Sunday, 15 February 2009

Bhutan : Party coordinators out in the cold

14 February, 2009 - The Druk Phuensum Tshogpa (DPT) dzongkhag party coordinators are in a crisis.

With party offices in the dzongkhags running out of money, they are pondering whether to resign or hang on. Most of the dzongkhag coordinators have not paid their rent since March 2008 and some have not received any money from the head office in Thimphu, apart from the Nu 20,000 imprest money received in March last year.

The dzongkhag offices run on credit, while coordinators and office assistants survive without salary and zethue (miscellaneous allowance). Their telephones have been disconnected and some coordinators are on the verge of being chased away by landlords.

Dagana dzongkhag coordinator, Kinley Wangdi, said the money they raised through contributions and fees was insufficient for day-to-day party activities. He added that there were only a few people making contributions, that too in small amounts.

Tsirang’s dzongkhag coordinator, Dorji, said the DPT party may dissolve if they have to depend on contributions and membership fees. “For a country to have a vibrant democracy, the ruling party needs enough money. How long will the party depend on contributions, because people may not contribute all the time?”

“We ran out of money a long time back,” said Dorji, who now works from his home, after he couldn’t afford the house rent.

The Election Commission of Bhutan does not permit any fund raising for a party apart from memberships fee and contributions.

Most coordinators said they joined the party not in a hope of getting money but, without money, to meet even basic requirements, such as telephone and electricity bills, was difficult.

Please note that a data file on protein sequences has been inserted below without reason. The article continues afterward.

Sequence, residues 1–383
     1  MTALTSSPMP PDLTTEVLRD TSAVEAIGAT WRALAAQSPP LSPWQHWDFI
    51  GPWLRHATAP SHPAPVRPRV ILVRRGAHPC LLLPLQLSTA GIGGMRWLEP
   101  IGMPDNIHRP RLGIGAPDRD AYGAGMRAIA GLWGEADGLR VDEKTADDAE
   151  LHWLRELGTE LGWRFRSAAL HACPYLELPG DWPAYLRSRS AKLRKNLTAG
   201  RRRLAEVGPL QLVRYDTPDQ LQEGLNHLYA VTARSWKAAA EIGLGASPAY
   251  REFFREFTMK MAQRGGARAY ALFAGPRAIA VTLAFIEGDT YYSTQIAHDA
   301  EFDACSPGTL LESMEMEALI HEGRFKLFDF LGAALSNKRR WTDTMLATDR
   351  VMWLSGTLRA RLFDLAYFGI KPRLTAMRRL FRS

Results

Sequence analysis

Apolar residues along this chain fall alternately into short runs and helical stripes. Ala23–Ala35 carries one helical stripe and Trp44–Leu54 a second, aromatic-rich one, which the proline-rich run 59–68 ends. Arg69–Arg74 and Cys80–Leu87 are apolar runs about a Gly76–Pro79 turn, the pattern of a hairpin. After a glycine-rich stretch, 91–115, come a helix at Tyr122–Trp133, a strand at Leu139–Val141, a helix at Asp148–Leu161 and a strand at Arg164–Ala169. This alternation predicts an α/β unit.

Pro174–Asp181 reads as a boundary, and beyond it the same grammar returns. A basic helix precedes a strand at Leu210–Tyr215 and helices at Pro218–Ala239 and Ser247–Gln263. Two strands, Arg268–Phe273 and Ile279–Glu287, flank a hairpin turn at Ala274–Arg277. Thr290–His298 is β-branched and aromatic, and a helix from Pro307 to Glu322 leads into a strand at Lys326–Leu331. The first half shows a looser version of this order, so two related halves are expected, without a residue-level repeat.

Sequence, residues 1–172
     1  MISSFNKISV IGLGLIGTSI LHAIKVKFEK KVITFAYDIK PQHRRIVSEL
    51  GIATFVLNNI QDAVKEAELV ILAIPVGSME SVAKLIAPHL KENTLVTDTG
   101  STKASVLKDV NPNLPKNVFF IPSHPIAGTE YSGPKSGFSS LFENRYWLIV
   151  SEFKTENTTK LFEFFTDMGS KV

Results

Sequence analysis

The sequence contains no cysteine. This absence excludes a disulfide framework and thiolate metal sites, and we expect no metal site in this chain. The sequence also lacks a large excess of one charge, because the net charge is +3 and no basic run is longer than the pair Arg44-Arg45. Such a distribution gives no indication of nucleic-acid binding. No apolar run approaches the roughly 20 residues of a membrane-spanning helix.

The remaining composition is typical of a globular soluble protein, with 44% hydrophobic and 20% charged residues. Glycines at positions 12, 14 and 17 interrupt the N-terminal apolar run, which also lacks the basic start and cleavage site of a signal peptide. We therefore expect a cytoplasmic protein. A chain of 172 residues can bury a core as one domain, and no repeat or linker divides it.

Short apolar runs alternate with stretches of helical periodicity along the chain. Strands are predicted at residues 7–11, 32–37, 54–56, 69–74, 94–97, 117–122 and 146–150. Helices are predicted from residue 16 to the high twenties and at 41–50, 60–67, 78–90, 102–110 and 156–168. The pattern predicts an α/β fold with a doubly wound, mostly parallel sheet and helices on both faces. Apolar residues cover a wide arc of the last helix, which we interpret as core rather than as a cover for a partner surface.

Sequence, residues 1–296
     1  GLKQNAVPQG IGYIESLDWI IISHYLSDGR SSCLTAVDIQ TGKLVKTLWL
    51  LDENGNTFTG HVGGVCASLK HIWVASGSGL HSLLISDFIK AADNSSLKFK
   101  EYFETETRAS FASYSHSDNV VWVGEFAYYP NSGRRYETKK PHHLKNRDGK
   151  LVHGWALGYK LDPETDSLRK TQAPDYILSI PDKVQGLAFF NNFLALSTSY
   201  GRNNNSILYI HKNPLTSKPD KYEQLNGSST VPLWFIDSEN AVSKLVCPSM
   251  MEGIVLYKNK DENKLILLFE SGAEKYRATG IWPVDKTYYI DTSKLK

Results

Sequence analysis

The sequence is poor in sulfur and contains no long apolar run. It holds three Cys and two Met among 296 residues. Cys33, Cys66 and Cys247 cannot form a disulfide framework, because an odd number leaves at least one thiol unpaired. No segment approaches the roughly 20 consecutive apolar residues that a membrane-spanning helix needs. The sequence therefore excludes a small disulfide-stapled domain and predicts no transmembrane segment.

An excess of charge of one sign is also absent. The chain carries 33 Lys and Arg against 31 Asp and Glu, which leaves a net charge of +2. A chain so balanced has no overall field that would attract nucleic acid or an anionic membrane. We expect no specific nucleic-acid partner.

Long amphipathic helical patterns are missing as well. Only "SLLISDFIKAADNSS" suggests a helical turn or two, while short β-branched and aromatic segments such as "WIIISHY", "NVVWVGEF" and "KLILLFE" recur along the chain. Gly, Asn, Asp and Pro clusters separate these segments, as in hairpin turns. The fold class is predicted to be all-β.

After the election, coordinators held executive committee meetings at the dzongkhag level, accompanied ministers and MPs during constituency visits and initiated party fund raising activities.

The dzongkhag co-coordinators were paid Nu 5,000 a month as miscellaneous allowance. Office assistants were employed regularly and got Nu 7,000, while gewog and constituency coordinators drew Nu 1,500 in a month.

DPT deputy secretary, Dorji Wangchuk, said that, although they could not release salary regularly, they had nonetheless sent lump sum amounts, based on the genuine need of the dzongkhag. He said that party workers must look for new members and contributors.

With only 100 new members after the March election and little contributions, it was difficult to sustain with limited source of funds, said Dorji Wangchuk. In the 2008-09 financial year, DPT raised over Nu 4 million, but their monthly expenditure exceeded Nu 800,000 a month. “There were over 12,000 members registered with DPT but, after the election, we have only 589.”

DPT today has an Nu 15 million overdraft (OD) with the Bank of Bhutan, of which Nu 180,000 is deducted as monthly interest. DPT’s head of administration and finance, Tshewang Rinzin, said that the OD saturated a month ago.

In July 2008, the two parties had proposed for a Nu 15-20 million state funding for political parties, but the proposal was rejected by ECB and the National Council stating that it was unconstitutional.

Today, DPT ministers and MPs contribute 10 percent of their salary to the party fund. There is, however, a ray of hope. ECB has recently increased the ceiling of member’s contribution from Nu 100,000 to Nu 500,000.

By Tenzin Namgyel

No comments: